Well, congratulations I guess? After taking out your entire 401k to pay off $10,000 worth of debt including penalties and income taxes you can pay off a little more than half of what you owe.
As you can see, taking an early withdrawal from your retirement plan can have enormous unforeseen tax consequences. Yet it is not just taxes and penalties that will ultimately cost you.
This is the aspect of taking money out of retirement accounts that hurts you the most or any investment/savings account for that matter. When you take that $10,000 out of the market you may be sacrificing much more than penalties and taxes. You are sacrificing future growth potential.
The Rule of 72
In the investing world, the Rule of 72 is a shortcut way to figure out how long it would take your money to double given a specific rate of return. All you do is divide 72 by your annual rate of return. Easy enough right?
For our example here are our assumptions illustrating the Rule of 72:
- You are 25 years old
- You have $10,000
- You receive an average annual return of 8 percent
When we divide our 8% annual rate of return into 72, we get the 9. This 9 represents the number of years it will take for our $10,000 to double.
So if I take a 25 year old who currently has $10,000, according to the Rule of 72, when they turn thirty-four their $10,000 will compound to $20,000. When they turn forty-three their $20,000 will be $40,000 and when they turn fifty-two their $40,000 will be $80,000. So on and so forth until eternity or at least until you want to use the money down the road hopefully when your 59 ½ or older.
*This is a hypothetical illustration and is not intended to reflect the actual performance of any particular security. Future performance cannot be guaranteed and investment yields will fluctuate with market conditions. Individual investor’s results will vary.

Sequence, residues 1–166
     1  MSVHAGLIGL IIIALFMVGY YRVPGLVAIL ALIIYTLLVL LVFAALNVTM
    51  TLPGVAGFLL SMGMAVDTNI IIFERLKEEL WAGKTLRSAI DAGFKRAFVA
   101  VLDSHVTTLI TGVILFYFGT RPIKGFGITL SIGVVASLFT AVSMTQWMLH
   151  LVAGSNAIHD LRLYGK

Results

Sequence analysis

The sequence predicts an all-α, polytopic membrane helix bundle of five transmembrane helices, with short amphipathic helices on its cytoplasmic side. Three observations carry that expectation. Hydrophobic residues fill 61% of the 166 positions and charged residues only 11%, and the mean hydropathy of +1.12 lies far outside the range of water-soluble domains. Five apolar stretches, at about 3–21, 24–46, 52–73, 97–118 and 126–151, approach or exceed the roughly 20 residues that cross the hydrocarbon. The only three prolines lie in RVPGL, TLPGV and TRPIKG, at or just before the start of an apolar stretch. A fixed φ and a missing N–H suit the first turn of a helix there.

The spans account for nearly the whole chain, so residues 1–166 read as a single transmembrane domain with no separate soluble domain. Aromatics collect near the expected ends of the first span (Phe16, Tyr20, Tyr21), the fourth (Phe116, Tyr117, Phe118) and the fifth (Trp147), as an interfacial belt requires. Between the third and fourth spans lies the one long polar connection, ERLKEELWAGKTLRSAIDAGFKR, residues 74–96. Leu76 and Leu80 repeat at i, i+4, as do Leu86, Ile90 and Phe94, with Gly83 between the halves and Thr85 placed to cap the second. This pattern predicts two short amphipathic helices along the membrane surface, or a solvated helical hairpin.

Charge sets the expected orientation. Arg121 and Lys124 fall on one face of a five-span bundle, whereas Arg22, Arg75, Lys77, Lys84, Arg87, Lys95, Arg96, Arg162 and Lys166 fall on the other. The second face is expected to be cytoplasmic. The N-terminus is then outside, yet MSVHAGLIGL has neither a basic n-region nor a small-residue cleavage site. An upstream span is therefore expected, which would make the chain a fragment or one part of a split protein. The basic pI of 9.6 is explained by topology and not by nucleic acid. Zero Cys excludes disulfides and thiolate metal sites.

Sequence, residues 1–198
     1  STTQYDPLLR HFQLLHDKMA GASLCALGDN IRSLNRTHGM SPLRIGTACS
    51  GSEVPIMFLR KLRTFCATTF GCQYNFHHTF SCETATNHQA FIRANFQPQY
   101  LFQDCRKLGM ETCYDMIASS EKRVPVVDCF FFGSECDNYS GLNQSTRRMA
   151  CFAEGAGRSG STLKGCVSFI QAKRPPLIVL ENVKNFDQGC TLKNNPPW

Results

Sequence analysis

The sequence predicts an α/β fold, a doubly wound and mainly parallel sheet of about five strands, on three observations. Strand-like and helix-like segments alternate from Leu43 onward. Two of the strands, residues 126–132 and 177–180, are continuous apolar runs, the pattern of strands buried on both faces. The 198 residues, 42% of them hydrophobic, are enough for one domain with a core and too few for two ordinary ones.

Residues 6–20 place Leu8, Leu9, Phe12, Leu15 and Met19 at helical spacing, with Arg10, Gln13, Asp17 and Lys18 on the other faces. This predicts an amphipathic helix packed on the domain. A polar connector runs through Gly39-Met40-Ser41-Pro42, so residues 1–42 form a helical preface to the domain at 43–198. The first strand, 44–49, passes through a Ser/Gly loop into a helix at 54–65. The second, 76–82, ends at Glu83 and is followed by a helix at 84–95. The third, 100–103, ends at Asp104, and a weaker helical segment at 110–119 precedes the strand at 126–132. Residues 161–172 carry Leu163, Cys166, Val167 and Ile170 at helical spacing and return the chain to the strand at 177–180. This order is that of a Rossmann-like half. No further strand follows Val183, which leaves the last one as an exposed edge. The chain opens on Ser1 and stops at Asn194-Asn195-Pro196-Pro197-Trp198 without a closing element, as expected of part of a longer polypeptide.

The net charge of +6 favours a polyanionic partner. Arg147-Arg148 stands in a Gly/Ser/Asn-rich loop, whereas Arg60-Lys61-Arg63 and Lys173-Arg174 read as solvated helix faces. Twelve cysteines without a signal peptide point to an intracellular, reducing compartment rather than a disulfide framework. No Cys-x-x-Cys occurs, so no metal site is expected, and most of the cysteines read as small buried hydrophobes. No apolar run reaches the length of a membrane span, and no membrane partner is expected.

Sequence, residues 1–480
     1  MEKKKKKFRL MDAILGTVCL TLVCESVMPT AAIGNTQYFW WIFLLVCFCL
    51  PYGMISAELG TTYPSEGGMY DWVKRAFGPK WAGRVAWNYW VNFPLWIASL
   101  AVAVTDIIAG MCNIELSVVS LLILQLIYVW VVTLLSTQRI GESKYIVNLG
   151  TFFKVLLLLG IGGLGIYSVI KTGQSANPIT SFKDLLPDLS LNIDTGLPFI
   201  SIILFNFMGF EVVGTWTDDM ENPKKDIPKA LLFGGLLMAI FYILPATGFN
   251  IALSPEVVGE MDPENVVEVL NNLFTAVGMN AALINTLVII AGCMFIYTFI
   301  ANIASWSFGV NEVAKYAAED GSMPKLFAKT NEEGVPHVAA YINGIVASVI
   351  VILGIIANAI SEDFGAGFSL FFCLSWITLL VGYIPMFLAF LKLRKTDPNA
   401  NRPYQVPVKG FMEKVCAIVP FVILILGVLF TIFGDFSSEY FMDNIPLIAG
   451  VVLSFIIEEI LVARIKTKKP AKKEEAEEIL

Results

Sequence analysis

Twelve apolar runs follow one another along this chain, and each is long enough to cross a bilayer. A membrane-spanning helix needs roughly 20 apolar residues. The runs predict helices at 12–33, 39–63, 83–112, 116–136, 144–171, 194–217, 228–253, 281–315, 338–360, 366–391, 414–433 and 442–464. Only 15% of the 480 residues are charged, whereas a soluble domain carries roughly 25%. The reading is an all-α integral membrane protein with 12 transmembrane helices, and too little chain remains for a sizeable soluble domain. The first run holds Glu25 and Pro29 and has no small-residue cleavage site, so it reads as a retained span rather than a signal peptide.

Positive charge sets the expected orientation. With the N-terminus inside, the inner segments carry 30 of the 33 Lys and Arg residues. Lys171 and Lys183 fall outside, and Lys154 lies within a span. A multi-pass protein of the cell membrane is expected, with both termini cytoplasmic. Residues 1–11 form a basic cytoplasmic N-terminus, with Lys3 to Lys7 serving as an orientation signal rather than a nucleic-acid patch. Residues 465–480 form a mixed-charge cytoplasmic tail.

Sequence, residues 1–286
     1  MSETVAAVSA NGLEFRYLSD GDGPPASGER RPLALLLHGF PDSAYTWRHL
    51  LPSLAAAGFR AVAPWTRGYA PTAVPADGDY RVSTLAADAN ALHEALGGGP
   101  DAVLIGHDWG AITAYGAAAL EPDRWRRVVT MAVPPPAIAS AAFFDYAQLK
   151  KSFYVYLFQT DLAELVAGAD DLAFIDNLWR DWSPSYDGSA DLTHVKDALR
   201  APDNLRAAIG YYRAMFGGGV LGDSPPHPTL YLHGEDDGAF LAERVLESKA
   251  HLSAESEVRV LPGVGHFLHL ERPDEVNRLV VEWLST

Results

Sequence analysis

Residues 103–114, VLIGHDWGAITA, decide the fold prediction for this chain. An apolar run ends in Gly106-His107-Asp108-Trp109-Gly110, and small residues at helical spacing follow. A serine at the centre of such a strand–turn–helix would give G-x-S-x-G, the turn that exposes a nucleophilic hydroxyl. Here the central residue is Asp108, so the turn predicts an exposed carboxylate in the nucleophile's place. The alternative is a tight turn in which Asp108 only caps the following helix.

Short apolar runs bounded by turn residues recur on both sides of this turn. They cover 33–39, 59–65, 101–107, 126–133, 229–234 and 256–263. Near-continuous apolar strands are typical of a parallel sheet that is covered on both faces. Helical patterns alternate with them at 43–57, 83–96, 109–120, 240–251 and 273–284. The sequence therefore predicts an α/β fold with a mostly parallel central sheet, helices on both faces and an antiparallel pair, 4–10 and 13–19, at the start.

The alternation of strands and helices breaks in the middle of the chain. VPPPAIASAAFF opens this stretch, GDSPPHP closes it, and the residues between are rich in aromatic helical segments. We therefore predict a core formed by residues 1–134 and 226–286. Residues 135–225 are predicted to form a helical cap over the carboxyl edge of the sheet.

By the time you reach 70, that measly $10,000 would have grown to $320,000 given the Rule of 72 and our stated assumptions.
When you sacrifice $10,000 today to pay off a short-term expense (in this case credit card debt), it is more than simply the $10,000 you are parting ways with. It is the compounding potential and future value that $10,000 has the ability to grow into.
So What’s Your Point Jake?
Taking $10,000 out of your 401k before 59 ½ to pay off high interest credit card debt may sound like a good idea but there are taxes and penalties that can quickly eat away at your $10,000. Not to mention taking into account the time value of money that could potentially have allowed for this money to grow over the long run.
My point is this. The next time you consider using a retirement account to pay for debt or any short-term expense consider all of the implications. Concentrate on monthly savings and budgeting to tackle short-term expenses (including debt) before looking to your retirement accounts as a safety net.
Any opinions are those of Jacob Dahlstrum and not necessarily those of RJFS or Raymond James. Any information is not a complete summary or statement of all available data necessary for making an investment decision and does not constitute a recommendation. Every investor’s situation is unique and you should consider your investment goals, risk tolerance and time horizon before making any investment. Investing involves risk and you may incur a profit or loss regardless of strategy selected.